Fred 10-6 10-6 10-6 10-6

The efficiency of using the scope attribute becomes more apparent in much larger tables. For instance, if an agency used a table with 20 rows and 20 columns, there would be 400 data cells in the table. To make this table comply with this provision without using the scope attribute would require special coding in all 400 data cells, plus the 40 header and row cells. By contrast, using the scope attribute would only require special attributes in the 40 header and row cells.

Frames shall be titled with text that facilitates frame identification and navigation.

Pages shall be designed to avoid causing the screen to flicker with a frequency greater than 2 Hz and lower than 55 Hz.

A text-only page, with equivalent information or functionality, shall be provided to make a Web site comply with the provisions of these standards, when compliance cannot be accomplished in any other way. The content of the text-only page shall be updated whenever the primary page changes.

When pages utilize scripting languages to display content, or to create interface elements, the information provided by the script shall be identified with functional text that can be read by assistive technology.

When a Web page requires that an applet, plug-in or other application be present on the client system to interpret page content, the page must provide a link to a plug-in or applet that complies with §1194.21(a) through (l).

When electronic forms are designed to be completed on-line, the form shall allow people using assistive technology to access the information, field elements, and functionality required for completion and submission of the form, including all directions and cues.

While the relationship between the titles “First Name” or “Last Name” and their respective input boxes may be obvious from visual inspection, the relationship is not obvious to a screen reader. Instead, a screen reader may simply announce “input box” when encountering each input box. The reason for these difficulties is revealed from inspecting the HTML source for this table. The following code is a simplified version of this table.


Use the <LABEL> Tag and Associated “FOR” Attribute to Tag Labels. In other words, identify the exact words that you want to use as the label for the form element and enclose those words in a <LABEL> tag. Use the “FOR” attribute to uniquely identify that element.

Use the “ID” Attribute in the Associated Form Element. Every form element supports the “ID” attribute. By setting this attribute to the identifier used in the “FOR” attribute of the associated <LABEL> tag, you “tie” that form element to its associated label. For instance, we have rewritten the HTML code for our simple form-inside-a-table to include explicit labels below. The new HTML code for the explicit labels is indicated in bold:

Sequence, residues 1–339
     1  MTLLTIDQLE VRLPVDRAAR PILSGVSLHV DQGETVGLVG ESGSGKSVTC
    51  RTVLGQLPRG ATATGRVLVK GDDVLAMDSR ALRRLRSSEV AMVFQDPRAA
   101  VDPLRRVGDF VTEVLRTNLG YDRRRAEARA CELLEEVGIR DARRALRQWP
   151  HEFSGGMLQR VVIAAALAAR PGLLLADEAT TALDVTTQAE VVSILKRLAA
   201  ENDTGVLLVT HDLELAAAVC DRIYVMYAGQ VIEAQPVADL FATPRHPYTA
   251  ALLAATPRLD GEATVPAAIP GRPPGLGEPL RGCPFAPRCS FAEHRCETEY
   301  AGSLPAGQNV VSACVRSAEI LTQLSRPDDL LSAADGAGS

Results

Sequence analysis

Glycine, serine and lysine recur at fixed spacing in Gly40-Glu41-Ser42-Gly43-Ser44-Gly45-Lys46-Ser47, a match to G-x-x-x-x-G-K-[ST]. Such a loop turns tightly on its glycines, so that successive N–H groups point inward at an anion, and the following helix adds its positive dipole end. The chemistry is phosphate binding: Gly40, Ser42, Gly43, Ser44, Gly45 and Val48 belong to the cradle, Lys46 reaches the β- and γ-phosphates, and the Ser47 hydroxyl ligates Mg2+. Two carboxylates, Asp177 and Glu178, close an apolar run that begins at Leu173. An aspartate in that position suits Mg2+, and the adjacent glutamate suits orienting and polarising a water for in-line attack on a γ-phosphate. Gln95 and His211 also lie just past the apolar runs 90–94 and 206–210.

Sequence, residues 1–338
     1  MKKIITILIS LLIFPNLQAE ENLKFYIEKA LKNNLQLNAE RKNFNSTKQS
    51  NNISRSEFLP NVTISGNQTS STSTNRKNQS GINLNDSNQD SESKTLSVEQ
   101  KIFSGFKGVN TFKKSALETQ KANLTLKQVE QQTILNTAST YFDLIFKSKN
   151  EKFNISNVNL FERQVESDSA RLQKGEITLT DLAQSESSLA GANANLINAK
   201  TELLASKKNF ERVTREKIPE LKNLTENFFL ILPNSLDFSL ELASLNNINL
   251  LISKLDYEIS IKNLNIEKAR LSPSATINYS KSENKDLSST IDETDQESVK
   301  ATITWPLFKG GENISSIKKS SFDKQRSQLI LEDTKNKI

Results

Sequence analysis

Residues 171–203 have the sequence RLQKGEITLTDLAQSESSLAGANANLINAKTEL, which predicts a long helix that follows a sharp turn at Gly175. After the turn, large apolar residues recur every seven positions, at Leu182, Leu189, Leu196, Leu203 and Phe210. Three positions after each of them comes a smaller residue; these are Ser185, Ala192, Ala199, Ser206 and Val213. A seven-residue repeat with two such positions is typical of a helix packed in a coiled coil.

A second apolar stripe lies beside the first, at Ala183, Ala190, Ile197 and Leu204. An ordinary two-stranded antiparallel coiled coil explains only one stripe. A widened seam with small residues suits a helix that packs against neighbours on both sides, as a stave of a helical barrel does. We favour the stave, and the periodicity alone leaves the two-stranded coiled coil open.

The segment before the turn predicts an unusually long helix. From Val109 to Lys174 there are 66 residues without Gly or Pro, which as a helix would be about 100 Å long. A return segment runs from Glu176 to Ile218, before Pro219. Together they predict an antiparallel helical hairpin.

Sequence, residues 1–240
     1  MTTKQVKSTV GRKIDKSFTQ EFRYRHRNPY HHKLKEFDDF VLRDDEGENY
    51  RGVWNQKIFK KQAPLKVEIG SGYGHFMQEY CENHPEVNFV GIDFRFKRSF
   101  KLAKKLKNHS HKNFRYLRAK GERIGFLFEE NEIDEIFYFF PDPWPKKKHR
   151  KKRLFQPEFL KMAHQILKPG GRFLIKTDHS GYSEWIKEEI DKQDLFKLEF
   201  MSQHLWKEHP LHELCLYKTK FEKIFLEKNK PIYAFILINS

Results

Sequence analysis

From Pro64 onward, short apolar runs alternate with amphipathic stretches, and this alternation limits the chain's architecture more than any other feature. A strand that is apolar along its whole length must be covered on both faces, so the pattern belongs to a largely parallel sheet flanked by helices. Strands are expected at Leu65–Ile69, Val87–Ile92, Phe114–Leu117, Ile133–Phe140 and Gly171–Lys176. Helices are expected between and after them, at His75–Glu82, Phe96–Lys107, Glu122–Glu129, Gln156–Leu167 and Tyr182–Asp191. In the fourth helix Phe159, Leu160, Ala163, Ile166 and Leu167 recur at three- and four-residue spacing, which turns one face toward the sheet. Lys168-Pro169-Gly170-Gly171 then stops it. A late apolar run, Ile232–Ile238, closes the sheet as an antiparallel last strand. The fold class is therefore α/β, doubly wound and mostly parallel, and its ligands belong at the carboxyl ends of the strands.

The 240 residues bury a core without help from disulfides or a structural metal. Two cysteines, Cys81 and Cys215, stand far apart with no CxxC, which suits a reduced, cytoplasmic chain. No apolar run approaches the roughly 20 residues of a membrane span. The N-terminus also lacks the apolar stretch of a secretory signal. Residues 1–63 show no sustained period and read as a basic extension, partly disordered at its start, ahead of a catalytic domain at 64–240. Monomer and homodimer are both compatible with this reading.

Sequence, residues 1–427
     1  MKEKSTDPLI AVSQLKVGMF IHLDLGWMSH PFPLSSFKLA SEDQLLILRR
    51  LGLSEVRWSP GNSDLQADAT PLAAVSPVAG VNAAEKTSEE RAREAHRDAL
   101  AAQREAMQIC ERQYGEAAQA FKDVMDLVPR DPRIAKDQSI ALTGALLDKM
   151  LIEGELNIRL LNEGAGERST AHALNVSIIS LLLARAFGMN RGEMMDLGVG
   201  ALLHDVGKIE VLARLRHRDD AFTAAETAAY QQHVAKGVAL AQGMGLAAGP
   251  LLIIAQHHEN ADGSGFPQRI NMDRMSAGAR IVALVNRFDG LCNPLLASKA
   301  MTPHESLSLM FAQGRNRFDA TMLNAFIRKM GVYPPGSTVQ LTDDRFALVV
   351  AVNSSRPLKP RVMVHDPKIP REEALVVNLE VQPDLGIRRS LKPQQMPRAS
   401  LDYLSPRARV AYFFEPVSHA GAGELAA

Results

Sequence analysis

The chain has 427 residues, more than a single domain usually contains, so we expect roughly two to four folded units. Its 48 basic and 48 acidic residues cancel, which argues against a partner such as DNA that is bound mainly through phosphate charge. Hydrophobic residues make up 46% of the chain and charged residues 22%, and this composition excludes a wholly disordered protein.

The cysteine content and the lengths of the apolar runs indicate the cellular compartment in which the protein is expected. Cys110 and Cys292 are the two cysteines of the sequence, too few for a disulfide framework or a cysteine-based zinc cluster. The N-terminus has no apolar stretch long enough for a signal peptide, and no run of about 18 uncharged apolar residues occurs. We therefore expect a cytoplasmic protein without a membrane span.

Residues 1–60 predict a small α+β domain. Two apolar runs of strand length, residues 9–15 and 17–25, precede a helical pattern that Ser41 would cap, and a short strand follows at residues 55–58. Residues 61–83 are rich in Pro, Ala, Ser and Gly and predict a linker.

In a nutshell, that’s all there is to making HTML form elements accessible to assistive technology. Experience has shown that this technique works extremely well in much more complicated and convoluted forms and it should work well in all agency HTML forms.

A method shall be provided that permits users to skip repetitive navigation links.

When a timed response is required, the user shall be alerted and given sufficient time to indicate more time is required.

Survox and labels

WebSurvent and webCATI automatically output a label and an ID for each question. For variable and text questions, the label is placed on around the question text and the id is equal to the question label. For field type questions, the label is placed around the response text and the ID for each response is the question label and the response code. For numeric questions, the two methods are combined. The question text is surrounded by a label and the id is placed on the input tag for the numeric entry. Additionally, if there are exception codes a label is placed around the text of each exception code and the ID for the input is the question label and the code.

To turn off automatic generation of labels, use:

{ -!html_labeltags }

This can be done for the entire spec or it can be turned off as needed.

Variable/Text questions

<label for="EMAIL2">Email address previously.</label><INPUT TYPE="text" NAME="var_EMAIL2" id="EMAIL2" SIZE="70" maxlength="70" VALUE="">

Field questions

S2a. Do you think that demonstration surveys are entertaining?<INPUT TYPE="radio" NAME="catr_S2A" id="S2A_1" VALUE="1"><label for="S2A_1">Yes</label><INPUT TYPE="radio" NAME="catr_S2A" id="S2A_2" VALUE="2"><label for="S2A_2">No</label><INPUT TYPE="radio" NAME="catr_S2A" id="S2A_3" VALUE="3"><label for="S2A_3">Don't know</label>

Numeric questions

<label for="S2C">S2c. How many years have you been programming CFMC software?</label><INPUT TYPE="text" NAME="num_S2C" id="S2C" VALUE="" SIZE="2" maxlength="2"><INPUT TYPE="checkbox" NAME="rnum_S2C" id="S2C_DK" VALUE="DK"><label for="S2C_DK">Don't Know</label><INPUT TYPE="checkbox" NAME="rnum_S2C" id="S2C_LT" VALUE="LT"><label for="S2C_LT">Less than one year</label><label for="S2C">